Everything New Orleans
PerspectiveNovember 5 2007 at 7:11 AM
|Towanda! (Login nsholld)|
from IP address 184.108.40.206
Response to I grew up with the Latin mass
There were many many families there, and the kids clearly didn't have a clue. I had no trouble,as you wouldn't--it's like riding a bike, I guess. Engineer's family didn't attend regularly, and he benefited from some prompting from time to time; there was a missal of sorts with Latin and English (ala our old St. Joseph's missals), a sheet with the "proper" (changing prayers, epistle, gospel), and a hymn sheet.
My recent experiences at the literacy council convince me that if a person couldn't read (the English, in our case, or whatever vernacular), child or adult, s/he must have been totally lost. Which may be one reason why we used to see old ladies saying their rosaries, and doing other private devotions during Mass, which is supposed to be a communal celebration. If you were a fluent English reader, or knew some Latin, you could follow along. Otherwise....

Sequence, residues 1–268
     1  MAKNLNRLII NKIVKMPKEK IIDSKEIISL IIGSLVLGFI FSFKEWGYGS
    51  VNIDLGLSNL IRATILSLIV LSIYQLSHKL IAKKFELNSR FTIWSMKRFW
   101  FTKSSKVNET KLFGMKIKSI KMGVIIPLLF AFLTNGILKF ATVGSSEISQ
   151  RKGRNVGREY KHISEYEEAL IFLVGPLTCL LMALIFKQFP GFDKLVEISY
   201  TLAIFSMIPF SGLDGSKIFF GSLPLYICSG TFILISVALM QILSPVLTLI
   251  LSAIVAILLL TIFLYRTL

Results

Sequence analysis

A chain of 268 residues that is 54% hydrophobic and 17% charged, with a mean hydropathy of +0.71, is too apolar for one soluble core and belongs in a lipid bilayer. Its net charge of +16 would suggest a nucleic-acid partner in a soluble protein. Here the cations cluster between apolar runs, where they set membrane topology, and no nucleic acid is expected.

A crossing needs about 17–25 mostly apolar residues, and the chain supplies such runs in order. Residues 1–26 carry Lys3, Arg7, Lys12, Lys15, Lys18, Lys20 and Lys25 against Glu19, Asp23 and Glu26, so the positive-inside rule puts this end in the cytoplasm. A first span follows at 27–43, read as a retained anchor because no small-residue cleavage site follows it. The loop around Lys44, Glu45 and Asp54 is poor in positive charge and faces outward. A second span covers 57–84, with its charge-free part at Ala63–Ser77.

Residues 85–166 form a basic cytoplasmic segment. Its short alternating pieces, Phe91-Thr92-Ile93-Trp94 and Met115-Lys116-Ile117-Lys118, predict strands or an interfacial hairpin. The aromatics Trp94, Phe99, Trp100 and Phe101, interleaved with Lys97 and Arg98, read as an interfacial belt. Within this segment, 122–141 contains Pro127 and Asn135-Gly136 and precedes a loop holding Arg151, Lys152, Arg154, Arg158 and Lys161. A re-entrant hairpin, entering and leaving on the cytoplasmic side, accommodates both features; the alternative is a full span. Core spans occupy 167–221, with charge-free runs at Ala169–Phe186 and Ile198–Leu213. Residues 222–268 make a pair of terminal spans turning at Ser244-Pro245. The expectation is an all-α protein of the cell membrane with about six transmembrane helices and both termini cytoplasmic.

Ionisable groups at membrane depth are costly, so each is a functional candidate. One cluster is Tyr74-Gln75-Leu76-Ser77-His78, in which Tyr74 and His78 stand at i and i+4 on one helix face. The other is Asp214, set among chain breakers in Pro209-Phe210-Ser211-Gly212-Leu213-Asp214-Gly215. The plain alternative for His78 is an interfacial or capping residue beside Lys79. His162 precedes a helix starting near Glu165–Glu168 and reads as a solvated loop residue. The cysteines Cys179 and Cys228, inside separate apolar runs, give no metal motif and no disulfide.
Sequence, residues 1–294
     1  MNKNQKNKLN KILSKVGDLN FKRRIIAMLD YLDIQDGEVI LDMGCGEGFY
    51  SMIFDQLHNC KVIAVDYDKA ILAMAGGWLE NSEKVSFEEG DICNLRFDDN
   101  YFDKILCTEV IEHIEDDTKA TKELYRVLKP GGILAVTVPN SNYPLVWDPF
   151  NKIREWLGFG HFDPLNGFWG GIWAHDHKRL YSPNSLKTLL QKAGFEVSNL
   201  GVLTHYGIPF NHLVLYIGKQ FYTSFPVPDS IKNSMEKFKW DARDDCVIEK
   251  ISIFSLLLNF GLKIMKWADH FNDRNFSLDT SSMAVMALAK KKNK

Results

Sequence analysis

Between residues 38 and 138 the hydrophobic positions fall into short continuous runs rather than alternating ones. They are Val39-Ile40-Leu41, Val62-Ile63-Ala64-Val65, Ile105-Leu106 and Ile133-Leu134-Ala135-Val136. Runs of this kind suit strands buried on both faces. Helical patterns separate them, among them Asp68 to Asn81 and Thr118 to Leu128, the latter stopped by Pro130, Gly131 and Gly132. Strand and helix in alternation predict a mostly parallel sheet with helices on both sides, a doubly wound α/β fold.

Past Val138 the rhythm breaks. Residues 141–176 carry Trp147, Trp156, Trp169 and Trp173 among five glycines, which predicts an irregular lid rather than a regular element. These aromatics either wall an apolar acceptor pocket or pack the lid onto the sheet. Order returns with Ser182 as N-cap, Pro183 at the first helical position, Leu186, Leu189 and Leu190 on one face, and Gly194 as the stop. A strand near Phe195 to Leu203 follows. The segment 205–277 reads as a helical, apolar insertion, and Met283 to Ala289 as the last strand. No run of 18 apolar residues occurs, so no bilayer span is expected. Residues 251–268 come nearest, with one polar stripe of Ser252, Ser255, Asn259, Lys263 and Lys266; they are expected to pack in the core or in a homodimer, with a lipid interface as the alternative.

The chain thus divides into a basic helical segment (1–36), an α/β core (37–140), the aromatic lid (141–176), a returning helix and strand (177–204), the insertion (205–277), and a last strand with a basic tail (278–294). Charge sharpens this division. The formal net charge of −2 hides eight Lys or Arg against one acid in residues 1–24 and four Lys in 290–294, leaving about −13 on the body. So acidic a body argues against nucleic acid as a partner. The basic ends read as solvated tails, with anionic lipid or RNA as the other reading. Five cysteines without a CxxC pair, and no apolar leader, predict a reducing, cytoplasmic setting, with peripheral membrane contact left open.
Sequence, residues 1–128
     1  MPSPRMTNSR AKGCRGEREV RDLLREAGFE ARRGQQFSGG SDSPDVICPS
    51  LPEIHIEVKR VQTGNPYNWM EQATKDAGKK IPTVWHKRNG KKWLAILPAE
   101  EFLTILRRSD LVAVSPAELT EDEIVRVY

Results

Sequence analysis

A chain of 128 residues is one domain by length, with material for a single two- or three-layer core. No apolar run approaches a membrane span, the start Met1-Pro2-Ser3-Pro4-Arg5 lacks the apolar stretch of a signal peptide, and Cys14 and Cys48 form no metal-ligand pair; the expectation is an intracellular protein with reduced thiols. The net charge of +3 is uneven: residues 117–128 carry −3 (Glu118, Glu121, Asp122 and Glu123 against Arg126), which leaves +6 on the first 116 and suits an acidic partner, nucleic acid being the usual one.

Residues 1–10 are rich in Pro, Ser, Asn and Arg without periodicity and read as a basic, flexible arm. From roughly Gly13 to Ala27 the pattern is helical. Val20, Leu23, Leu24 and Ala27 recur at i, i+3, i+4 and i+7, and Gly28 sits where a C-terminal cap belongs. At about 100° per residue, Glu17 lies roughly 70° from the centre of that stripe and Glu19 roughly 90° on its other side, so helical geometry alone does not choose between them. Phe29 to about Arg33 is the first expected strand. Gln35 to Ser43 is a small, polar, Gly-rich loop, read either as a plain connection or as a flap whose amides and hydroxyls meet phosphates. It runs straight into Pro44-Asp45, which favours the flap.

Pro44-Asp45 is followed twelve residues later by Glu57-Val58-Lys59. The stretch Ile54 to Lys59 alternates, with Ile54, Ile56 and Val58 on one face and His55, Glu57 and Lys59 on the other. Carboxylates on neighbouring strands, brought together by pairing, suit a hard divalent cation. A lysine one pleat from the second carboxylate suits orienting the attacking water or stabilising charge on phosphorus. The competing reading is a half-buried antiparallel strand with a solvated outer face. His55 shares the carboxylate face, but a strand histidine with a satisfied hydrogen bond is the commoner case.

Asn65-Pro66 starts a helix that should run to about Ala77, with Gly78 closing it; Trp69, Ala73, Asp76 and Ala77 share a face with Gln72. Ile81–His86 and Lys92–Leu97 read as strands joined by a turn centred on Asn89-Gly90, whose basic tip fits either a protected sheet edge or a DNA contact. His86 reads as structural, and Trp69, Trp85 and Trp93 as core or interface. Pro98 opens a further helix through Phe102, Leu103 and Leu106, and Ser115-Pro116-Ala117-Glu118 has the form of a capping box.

Our mother would have been the first one in line for the Latin Mass. She rued the day they switched to English. But although I miss the Gregorian chant (and they do make CD's of it), I have to reluctantly come down on the side of using whatever the country's native language.
New Orleans Links
Visit The Nostalgic New Orleans Collection Shop
Recover Your Password